Common: Cardiovascular: Edema, Vasodilatation.
Dermatologic: Alopecia, Disorder of nail, Disorder of skin AND/OR subcutaneous tissue, Nail changes, Pruritus, Rash.
Gastrointestinal: Diarrhea, Nausea , Stomatitis, Vomiting.
Hematologic: Anemia, Leukopenia, Neutropenia.
Neurologic: Asthenia, Neuropathy.
Reproductive: Amenorrhea.
Other: Fever of unknown origin, weight gain.
Serious: Cardiovascular: Edema (Severe).
Dermatologic: Stevens-Johnson syndrome, Toxic epidermal necrolysis.
Gastrointestinal: Colitis.
Hematologic: Anemia, less than 8 g/dL, Febrile neutropenia, Leukopenia, less than 1000 cells/mm3, Neutropenia, less than 500 cells/mm3, Thrombocytopenia.
Hepatic: Hepatotoxicity.
Immunologic: Anaphylaxis (rare).
Renal: Renal failure.
Respiratory: Interstitial pneumonia, Pulmonary embolism.
Other: Infectious disease.
Martindale, Micromedex: Rare cases of ototoxicity, hearing impairment or loss have occurred.
Very rare cases of acute myeloid leukaemia and myelodysplastic syndrome have been reported with combination chemotherapy regimens containing docetaxel; haematological follow-up may be required.
Drug Interactions
Docetaxel is metabolised by the cytochrome P450 isoenzyme CYP3A4 and use with inducers or inhibitors or other substrates of this enzyme may affect exposure to docetaxel. It should be given with caution to patients taking strong CYP3A4 inhibitors including.
HIV-protease inhibitors such as ritonavir, and azole antifungals like ketoconazole or itraconazole.
Concurrent use of rotavirus vaccine and chemotherapeutic agents may result in an increased risk of infection by the live vaccine. Hence it is contraindicated.
Concurrent use of docetaxel and thalidomide may result in an increased risk of venous thromboembolism.
Concurrent use of live vaccines and chemotherapeutic agents may result in an increased risk of infection by the live vaccine.
Concurrent use of docetaxel and doxorubicin may result in cholestatic jaundice and pseudomembranous colitis.
Concurrent use of docetaxel and itraconazole may result in an increased risk of docetaxel toxicity.
Concurrent use of docetaxel and the following may result in an increased risk of docetaxel toxicity (anemia, leukopenia, thrombocytopenia, fever, diarrhea): erythromycin, troleandomycin, indinavir, atazanavir, clarithromycin, ketoconazole, ritonavir, terfenadine, telithromycin, nefazodone, nelfinavir, cyclosporine, voriconazole.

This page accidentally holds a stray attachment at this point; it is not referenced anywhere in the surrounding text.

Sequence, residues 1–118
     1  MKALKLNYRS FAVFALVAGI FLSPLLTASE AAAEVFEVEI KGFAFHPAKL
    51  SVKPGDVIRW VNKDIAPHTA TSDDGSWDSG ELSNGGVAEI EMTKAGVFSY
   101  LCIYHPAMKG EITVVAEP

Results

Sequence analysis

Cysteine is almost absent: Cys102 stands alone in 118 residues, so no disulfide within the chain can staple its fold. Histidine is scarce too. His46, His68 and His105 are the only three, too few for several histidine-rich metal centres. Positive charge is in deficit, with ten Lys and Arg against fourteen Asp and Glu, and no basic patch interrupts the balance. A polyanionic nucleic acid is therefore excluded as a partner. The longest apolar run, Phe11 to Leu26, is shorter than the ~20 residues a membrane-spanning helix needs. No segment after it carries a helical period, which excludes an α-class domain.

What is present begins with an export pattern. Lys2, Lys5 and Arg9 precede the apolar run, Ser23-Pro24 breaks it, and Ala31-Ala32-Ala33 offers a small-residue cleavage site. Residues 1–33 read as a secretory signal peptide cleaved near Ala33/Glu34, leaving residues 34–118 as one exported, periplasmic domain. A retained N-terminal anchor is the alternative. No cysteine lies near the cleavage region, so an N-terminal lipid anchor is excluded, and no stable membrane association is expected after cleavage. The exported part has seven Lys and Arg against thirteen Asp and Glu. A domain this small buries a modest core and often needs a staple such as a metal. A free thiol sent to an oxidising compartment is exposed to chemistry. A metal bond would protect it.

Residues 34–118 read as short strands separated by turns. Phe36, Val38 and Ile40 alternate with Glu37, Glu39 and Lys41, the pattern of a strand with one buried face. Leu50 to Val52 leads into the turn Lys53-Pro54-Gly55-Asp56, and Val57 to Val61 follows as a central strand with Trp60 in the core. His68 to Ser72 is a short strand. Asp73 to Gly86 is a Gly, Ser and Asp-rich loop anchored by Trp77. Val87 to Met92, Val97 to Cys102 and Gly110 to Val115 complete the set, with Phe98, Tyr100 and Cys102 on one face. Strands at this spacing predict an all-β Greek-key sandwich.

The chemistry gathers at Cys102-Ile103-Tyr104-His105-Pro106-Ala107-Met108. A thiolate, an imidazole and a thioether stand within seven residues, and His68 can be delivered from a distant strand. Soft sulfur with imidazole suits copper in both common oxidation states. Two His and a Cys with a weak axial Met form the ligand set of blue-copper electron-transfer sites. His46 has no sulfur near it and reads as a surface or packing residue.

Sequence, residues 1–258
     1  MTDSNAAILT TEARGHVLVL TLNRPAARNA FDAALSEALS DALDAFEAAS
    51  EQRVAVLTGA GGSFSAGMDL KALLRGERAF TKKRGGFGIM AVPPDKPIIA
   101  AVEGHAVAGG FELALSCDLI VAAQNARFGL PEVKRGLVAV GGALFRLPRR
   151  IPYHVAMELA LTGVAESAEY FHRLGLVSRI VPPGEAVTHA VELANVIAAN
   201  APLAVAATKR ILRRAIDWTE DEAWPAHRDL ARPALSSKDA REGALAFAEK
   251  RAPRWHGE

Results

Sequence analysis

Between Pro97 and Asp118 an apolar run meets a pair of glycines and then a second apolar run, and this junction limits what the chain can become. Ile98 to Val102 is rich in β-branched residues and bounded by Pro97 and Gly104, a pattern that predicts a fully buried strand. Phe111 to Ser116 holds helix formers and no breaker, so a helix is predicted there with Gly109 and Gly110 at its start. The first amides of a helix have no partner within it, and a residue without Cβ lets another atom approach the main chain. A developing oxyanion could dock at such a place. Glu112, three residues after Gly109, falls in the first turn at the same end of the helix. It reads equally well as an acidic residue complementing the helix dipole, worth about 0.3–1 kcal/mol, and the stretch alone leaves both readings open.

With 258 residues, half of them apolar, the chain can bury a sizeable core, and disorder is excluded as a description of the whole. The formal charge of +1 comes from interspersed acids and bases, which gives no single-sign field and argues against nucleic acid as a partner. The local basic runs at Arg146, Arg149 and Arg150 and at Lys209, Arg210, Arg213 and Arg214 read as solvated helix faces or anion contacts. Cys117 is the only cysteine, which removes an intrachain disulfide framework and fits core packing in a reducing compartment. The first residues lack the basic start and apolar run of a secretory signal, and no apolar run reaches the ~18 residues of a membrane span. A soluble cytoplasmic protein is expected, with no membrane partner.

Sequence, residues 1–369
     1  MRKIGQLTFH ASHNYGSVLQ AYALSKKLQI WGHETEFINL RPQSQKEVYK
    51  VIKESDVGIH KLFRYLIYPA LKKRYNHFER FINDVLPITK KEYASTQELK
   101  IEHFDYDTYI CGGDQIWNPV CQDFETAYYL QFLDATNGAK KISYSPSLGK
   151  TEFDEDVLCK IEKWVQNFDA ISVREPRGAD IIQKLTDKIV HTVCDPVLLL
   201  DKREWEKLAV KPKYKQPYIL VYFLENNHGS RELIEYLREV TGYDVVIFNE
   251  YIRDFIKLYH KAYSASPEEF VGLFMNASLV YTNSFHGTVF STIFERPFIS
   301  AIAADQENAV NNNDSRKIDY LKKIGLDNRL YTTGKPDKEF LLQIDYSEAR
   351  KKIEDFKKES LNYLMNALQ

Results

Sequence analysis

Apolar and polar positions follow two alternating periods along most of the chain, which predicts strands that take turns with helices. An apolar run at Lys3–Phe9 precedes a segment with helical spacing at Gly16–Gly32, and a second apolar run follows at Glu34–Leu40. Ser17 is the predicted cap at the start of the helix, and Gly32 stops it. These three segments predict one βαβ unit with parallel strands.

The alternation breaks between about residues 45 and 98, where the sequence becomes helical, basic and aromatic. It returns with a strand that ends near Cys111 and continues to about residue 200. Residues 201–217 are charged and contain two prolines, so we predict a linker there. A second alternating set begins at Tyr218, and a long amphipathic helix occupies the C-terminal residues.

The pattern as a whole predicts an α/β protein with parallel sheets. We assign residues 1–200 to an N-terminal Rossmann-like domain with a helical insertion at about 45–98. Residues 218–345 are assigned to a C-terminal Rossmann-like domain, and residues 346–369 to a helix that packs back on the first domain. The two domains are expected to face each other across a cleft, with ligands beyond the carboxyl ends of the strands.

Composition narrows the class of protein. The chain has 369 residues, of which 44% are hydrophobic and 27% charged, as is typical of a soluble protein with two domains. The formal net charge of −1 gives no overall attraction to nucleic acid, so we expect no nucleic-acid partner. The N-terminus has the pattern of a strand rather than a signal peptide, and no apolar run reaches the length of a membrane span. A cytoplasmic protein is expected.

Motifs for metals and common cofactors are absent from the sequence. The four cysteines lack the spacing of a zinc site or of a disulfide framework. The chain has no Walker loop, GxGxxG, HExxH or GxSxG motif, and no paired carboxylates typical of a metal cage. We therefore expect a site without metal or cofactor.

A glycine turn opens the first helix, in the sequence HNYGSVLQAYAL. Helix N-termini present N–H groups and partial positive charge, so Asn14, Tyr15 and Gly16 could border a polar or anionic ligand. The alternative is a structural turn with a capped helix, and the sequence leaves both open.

Concurrent use of cisplatin and docetaxel may result in increased risk of neuropathy.
Concurrent use of docetaxel and sorafenib may result in increased docetaxel exposure and plasma concentrations.
Concurrent use of docetaxel and quinupristin/dalfopristin may result in an increased risk of docetaxel toxicity (neutropenia, anemia, neuropathy).
Concurrent use of docetaxel and doxorubicin hydrochloride liposome may result in increase in doxorubicin exposure.
Concurrent use of docetaxel and grapefruit juice may result in increased docetaxel exposure.
Caution For Usage
Incompatibilities: This medicinal product must not be mixed with other medicinal products except those mentioned.
Storage
Storage condition for unopened vial: Store below 30°C. If the vials are stored under refrigeration (2°C to 8°C), allow the required number of boxes of Docetaxel concentrate for solution for infusion to stand below 25°C for 5 minutes before use.
Store in the original package in order to protect from light.
Storage condition with dilution: 0.9 % w/v Sodium Chloride: Store up to 6 hours at room temperature 25°C and up to 24 hours when stored between 2 to 8°C into the infusion bag.
5 % w/v Dextrose Injection: Store up to 6 hours at room temperature 25°C and up to 24 hours when stored between 2 to 8°C into the infusion bag.
Shelf-Life: Unopened vial: 2 years.
After opening of the vial: Each vial is for single use and should be used immediately after opening. If not used immediately, in-use storage times and conditions are the responsibility of the user.
Once added to the infusion bag: From a microbiological point of view, reconstitution/dilution must take place in controlled and aseptic conditions and the medicinal product should be used immediately. If not used immediately, in-use storage times and conditions are the responsibility of the user.
Once added as recommended into the infusion bag, the docetaxel infusion solution, if stored below 25°C, is stable for 6 hours. It should be used within 6 hours (including the one hour infusion IV administration).
In addition, physical and chemical in-use stability of the infusion solution prepared as recommended has been demonstrated in PVC bags up to 24 hours when stored between 2 to 8°C. Docetaxel infusion solution is supersaturated, therefore may crystallize over time. If crystals appear, the solution must no longer be used and shall be discarded.
ATC Classification
L01CD02 - docetaxel ; Belongs to the class of plant alkaloids and other natural products, taxanes. Used in the treatment of cancer.
Presentation/Packing
Infusion conc (yellow to pale yellow solution in vial) 20 mg/0.5 mL x 1's. 80 mg/2 mL x 1's.